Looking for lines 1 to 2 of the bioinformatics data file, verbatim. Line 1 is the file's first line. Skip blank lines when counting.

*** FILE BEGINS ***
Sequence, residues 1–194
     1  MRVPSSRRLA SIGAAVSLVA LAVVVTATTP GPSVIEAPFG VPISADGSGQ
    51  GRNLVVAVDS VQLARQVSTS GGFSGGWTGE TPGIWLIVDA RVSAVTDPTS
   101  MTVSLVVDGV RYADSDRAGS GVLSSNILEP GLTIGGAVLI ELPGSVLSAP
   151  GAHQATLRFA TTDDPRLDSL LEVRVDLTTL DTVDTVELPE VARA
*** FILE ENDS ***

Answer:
Sequence, residues 1–194
     1  MRVPSSRRLA SIGAAVSLVA LAVVVTATTP GPSVIEAPFG VPISADGSGQ